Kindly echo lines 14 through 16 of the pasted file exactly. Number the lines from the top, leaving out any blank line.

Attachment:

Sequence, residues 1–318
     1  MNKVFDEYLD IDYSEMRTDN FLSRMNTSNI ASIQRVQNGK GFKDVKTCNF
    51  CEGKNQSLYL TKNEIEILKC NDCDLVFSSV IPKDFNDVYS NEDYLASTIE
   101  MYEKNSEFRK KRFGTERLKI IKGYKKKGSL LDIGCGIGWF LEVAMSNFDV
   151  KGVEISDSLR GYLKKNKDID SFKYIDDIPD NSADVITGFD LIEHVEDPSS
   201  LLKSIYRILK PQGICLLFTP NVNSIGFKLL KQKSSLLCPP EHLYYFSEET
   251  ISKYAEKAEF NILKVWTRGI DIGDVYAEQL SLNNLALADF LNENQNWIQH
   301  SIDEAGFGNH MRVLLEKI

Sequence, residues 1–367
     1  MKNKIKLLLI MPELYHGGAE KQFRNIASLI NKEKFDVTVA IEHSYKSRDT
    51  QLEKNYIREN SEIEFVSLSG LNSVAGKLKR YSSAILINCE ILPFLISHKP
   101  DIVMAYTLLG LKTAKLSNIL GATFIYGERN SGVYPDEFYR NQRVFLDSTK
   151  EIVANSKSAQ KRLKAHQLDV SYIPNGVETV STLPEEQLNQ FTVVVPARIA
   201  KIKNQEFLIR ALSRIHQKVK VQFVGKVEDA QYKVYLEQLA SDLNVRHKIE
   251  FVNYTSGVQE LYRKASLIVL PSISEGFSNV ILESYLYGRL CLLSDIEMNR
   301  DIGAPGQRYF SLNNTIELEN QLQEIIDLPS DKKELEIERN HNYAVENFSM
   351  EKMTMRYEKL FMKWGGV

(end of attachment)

   201  KIKNQEFLIR ALSRIHQKVK VQFVGKVEDA QYKVYLEQLA SDLNVRHKIE
   251  FVNYTSGVQE LYRKASLIVL PSISEGFSNV ILESYLYGRL CLLSDIEMNR
   301  DIGAPGQRYF SLNNTIELEN QLQEIIDLPS DKKELEIERN HNYAVENFSM